Climate change in the Rockies could make this Colorado wildflower vanish forever
Researchers tracked the sentinel northern rock jasmine near Crested Butte and their results don’t bode well for other species
A creamy jasmine wildflower once common across the Colorado mountains may be vanishing forever as climate change brings warmer and drier conditions.
That’s the conclusion unveiled Wednesday by scientists who conducted a 25-year experiment above Crested Butte near Gothic at the Rocky Mountain Biological Laboratory tracking northern rock jasmine, a delicate white-petaled species also known as fairy candelabra. These wildflowers, a type of nonfragrant primrose, are typically found at elevations between 5,000 feet and 17,000 feet across the northern hemisphere.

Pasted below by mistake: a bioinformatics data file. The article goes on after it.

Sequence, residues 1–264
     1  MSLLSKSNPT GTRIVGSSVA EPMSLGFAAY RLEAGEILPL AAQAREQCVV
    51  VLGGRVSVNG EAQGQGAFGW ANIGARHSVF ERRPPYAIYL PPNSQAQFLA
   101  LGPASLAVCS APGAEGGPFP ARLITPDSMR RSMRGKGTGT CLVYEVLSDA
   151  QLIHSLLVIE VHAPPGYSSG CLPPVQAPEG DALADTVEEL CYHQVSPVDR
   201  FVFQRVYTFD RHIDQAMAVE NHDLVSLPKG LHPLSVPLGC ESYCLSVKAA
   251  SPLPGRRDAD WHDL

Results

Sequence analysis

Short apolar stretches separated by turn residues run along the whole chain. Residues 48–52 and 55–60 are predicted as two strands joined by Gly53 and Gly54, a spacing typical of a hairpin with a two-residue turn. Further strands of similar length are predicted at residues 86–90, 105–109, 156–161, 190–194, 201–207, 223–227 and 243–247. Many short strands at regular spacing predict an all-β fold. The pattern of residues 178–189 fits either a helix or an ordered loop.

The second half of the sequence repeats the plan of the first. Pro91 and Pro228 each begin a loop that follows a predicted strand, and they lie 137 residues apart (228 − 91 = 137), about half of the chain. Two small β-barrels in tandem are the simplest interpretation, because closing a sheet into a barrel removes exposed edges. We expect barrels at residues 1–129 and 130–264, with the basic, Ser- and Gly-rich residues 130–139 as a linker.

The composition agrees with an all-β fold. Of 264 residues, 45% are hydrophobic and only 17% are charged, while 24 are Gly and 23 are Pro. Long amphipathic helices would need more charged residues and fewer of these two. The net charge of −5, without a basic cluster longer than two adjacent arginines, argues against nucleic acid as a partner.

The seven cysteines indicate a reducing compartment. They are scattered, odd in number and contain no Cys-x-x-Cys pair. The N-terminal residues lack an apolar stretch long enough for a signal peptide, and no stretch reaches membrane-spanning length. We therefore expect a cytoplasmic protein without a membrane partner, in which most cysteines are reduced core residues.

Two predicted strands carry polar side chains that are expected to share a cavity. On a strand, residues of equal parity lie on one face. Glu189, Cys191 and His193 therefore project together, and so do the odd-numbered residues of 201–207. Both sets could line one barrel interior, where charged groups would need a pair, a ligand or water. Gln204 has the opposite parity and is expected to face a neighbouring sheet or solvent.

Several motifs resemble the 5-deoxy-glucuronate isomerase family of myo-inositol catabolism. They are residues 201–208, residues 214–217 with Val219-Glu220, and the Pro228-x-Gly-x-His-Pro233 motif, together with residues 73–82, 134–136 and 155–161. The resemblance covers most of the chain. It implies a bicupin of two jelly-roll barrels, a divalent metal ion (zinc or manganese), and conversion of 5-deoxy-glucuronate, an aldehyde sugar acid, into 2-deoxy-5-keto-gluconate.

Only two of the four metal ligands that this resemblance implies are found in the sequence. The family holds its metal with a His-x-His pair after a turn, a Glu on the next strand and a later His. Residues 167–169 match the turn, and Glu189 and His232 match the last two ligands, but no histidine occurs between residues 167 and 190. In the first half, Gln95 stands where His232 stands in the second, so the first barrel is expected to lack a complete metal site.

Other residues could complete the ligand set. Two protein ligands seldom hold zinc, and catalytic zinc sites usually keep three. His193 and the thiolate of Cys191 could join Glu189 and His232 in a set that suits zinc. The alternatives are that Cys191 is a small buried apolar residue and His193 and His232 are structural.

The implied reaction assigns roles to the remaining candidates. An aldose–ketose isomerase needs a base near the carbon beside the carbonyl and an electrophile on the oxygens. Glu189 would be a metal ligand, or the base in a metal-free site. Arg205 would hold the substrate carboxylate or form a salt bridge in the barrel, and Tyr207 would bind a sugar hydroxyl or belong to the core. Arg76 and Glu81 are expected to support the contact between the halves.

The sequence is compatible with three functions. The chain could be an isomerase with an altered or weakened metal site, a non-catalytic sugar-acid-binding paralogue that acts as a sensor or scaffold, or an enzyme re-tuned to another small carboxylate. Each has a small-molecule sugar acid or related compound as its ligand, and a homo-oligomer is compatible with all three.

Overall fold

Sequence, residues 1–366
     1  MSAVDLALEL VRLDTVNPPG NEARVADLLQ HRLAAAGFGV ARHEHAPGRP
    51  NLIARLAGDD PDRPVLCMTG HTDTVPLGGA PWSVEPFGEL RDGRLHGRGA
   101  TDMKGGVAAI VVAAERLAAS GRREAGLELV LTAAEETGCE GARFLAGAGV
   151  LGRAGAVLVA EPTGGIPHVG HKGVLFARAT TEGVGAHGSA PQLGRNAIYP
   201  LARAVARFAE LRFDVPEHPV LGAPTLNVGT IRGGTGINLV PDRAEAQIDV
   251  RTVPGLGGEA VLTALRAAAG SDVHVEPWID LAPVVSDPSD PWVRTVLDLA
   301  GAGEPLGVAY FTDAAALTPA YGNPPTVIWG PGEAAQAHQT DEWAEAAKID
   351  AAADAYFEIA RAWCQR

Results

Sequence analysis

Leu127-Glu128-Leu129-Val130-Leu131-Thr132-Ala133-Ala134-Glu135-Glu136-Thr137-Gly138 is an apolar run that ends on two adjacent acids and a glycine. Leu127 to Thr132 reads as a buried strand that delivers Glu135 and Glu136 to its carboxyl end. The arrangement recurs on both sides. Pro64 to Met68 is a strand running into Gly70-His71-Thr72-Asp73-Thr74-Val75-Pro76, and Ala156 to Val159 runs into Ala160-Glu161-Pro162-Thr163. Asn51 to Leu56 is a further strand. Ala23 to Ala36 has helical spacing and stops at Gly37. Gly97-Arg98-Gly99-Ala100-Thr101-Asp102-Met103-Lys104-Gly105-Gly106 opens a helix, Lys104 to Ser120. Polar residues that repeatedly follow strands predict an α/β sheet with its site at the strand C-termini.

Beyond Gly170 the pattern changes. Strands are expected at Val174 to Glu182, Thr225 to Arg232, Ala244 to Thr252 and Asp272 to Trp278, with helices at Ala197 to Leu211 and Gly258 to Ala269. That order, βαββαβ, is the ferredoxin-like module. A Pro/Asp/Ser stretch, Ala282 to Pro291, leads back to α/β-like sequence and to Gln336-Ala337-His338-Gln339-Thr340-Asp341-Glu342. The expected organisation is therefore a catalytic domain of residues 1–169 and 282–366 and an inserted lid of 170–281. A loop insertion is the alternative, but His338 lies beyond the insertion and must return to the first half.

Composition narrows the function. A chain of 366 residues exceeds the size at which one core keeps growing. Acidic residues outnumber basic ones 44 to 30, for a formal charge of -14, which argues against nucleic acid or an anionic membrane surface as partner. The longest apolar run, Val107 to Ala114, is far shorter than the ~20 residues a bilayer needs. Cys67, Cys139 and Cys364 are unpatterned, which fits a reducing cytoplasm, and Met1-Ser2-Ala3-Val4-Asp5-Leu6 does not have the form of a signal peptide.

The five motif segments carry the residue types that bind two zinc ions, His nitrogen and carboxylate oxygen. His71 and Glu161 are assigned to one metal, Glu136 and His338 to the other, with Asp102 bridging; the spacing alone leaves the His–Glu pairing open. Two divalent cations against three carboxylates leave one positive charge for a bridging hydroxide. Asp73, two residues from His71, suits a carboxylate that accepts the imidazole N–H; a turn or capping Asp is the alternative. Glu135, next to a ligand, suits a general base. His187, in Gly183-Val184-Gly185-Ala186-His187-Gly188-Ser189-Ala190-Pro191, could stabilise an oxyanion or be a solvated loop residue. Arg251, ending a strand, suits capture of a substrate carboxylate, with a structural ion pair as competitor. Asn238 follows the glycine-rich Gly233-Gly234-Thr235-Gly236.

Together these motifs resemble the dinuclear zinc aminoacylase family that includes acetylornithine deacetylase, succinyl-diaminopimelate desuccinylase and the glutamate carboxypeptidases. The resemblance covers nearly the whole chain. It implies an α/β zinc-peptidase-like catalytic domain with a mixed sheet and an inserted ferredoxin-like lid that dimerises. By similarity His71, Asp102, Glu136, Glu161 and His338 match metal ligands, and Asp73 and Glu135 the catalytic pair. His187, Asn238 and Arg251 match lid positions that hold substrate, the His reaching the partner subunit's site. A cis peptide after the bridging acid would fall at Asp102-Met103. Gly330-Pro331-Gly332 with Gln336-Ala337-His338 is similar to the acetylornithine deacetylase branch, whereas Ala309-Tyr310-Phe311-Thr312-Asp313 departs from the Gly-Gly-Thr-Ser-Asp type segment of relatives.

The scientists simulated conditions that conservative climate change models indicate will be likely, continuing a trend that a preponderance of scientists have linked to climate change caused by human emissions of heat-trapping “greenhouse” pollution.
Their results show that a temperature increase of an additional 3 degrees Fahrenheit would cause the “local extinction” of northern rock jasmine in the area above Crested Butte, where abundant wildflowers have long been celebrated for their beauty.
“My work shows this amount of warming causes local extinction, which could lead to more widespread extinction,” said University of Colorado evolutionary ecologist Anne Marie Panetta, the lead author of a research paper published Wednesday, after peer review, in a scientific journal called Science Advances.
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